Students prepare to leave.
AIRPORT--Princess Juliana International Airport was filled with family, friends and well-wishers in preparation for the departure of 27 students for the Netherlands on Monday afternoon.
Antonio Aventurin, head of the Division Study Financing, told The Daily Herald there were originally 28 students set to travel, unfortunately one student tested positive for COVID-19 and was therefore unable to travel with his peers. He said that this student will, however, proceed with his travels once he has been cleared and is safe to fly.
Families say their final goodbyes as students prepare to depart.
When asked about how the COVID-19 pandemic has affected the plans for this trip, he shared that since last year the Division of Study Financing developed a protocol where students were provided with valuable information. Leading up to the trip, students participated in preparatory workshops. Student Support Services and the Ministry of Public Health, Social Development and Labor VSA also participated as key facilitators in these workshops.
Prior to the flight, all students had to get COVID-19 tests as part of the requirements set to enter the Netherlands. All standard protocols were also followed for students.
He also shared that for this trip, no staff member of the Division was travelling with the students due to financial constraints.
He explained, however, that students will be taking a direct flight to the Netherlands, and a number of parents have also accompanied their children on the trip. Once they have reached the Netherlands, they will be met with the team at the airport.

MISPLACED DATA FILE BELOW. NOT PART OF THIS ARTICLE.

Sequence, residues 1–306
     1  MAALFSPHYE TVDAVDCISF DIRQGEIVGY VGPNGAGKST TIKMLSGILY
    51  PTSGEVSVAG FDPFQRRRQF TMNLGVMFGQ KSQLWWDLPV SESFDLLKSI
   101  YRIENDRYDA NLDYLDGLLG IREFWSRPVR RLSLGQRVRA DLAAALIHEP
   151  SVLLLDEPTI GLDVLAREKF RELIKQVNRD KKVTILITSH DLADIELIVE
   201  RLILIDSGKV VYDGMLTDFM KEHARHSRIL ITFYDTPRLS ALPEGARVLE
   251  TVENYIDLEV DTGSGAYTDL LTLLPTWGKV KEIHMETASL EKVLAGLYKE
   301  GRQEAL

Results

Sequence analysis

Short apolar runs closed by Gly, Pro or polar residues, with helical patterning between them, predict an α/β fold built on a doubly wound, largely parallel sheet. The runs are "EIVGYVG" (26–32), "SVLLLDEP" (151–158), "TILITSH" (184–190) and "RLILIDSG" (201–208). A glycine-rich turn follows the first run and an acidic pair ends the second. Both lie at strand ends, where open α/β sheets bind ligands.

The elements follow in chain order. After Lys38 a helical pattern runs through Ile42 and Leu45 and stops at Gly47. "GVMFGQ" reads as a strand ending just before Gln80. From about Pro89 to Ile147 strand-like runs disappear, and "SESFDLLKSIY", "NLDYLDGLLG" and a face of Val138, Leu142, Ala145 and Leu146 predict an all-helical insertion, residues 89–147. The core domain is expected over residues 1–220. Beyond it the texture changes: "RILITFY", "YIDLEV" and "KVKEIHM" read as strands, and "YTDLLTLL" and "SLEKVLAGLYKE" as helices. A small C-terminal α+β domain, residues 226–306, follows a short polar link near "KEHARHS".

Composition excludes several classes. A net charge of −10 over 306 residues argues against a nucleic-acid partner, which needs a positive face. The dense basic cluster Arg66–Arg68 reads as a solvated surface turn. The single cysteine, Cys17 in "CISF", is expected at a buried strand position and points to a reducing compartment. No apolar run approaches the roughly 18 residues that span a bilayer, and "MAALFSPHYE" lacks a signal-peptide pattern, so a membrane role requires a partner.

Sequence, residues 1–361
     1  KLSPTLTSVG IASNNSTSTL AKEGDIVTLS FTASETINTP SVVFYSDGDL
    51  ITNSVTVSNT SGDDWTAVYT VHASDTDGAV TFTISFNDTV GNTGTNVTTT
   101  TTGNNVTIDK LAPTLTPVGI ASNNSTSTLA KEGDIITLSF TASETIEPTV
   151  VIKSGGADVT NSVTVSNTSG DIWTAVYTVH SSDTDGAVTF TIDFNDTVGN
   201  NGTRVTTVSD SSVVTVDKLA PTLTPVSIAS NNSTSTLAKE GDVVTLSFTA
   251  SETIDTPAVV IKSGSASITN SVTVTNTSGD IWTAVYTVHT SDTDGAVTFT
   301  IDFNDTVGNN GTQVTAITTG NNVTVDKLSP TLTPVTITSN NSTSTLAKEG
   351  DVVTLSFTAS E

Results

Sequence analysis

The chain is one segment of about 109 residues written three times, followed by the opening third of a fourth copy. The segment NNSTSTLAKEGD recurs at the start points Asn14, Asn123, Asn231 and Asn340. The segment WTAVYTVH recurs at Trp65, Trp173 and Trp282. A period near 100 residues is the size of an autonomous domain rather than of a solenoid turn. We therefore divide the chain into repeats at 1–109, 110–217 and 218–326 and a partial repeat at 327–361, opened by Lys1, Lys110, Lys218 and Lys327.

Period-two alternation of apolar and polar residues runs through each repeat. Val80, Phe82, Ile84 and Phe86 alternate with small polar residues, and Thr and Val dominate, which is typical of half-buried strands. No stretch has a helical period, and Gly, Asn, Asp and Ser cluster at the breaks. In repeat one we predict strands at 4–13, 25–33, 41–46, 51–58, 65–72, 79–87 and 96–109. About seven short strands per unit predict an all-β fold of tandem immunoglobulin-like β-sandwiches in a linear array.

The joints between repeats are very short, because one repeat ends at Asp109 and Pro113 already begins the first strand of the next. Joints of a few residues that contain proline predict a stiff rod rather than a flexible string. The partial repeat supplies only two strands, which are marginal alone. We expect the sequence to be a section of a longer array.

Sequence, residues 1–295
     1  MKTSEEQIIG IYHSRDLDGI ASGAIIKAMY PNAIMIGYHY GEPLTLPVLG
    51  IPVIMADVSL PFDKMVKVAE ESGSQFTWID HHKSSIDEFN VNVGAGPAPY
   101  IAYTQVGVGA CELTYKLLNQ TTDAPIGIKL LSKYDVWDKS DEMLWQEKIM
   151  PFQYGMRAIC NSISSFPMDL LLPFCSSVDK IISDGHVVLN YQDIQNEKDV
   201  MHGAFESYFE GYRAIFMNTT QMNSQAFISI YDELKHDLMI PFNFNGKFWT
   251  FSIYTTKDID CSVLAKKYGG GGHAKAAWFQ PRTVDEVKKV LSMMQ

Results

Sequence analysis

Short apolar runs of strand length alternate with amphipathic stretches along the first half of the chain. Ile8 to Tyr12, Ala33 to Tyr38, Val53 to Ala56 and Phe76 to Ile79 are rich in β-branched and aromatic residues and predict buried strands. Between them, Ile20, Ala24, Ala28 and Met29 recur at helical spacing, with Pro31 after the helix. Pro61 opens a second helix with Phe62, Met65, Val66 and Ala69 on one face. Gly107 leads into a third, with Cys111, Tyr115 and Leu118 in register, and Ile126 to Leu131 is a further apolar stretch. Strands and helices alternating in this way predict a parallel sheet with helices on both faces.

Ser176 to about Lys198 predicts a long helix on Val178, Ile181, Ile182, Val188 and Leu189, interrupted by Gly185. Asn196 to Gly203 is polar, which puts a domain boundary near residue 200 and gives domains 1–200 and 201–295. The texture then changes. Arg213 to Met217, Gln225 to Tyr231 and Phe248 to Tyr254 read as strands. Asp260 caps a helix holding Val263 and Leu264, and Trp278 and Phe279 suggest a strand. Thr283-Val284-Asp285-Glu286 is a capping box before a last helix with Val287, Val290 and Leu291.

In the Netherlands, students will participate in a scheduled orientation programme. During this period, as done in previous years, students will be guided by their guidance counsellors and their assigned buddies (other students currently studying the Netherlands) with settling in and setting up. Workshops and activities will also take part during this period. After this orientation, the students will separate and go to their respective cities.
The main cities they will be going to are Den Haag, Rotterdam, Arnhem, Nijmegen, Maastricht, and Groningen, among others.
Aventurin said the group of students that left for the Netherlands is one of several to leave this month. He said there are upwards of 40 additional students who will also be travelling to Canada, the United States (US) and the United Kingdom (UK) later this month. Some of these students have already departed to the US.
He said that despite the COVID-19 pandemic, the Division has worked hard to ensure that all students who were leaving to pursue their higher education were well prepared for their travels.
The newspaper spoke with student David Clifford. When asked about his travels to the Netherlands, he said that it was a bittersweet moment for him as he was sad to leave, but at the same time very much excited to start a new journey. It will be his first time going to the Netherlands, but assured that very extensive research was done on his behalf on what he might expect when he gets there. “I think everything that I came across [during my research – Ed.] I can handle, so I’ll be fine”, he added. Clifford will be pursuing his studies in European and International Law in The Hague.
Another student, De’Janee Lake, said she felt a mixture of excitement and a little bit of nervousness as she was awaiting her departure. Although not a stranger to the Netherlands, she admitted that she was very young during this time and remembers very little of this trip, so she is excited to see what the Netherlands has in store. She will be pursuing a degree in Cosmetology in Rotterdam.
Prior to their departure, the Minister of Education, Culture, Youth and Sport (ECYS) Rudolphe Samuel took the students over to a private area where he delivered his address. Soon after, students and families had a brief moment to say their final goodbyes.
As students were called to the departure hall, last-minute hugs, well wishes and goodbyes were shared. Many shed tears as they watched the students depart with their peers. Some found it difficult to let go and held on as long as they could until the very last moment.
As students made their way into the departure hall, the crowd of family, friends and supporters erupted in applause and cheers, a final show of support to all students on their journey ahead.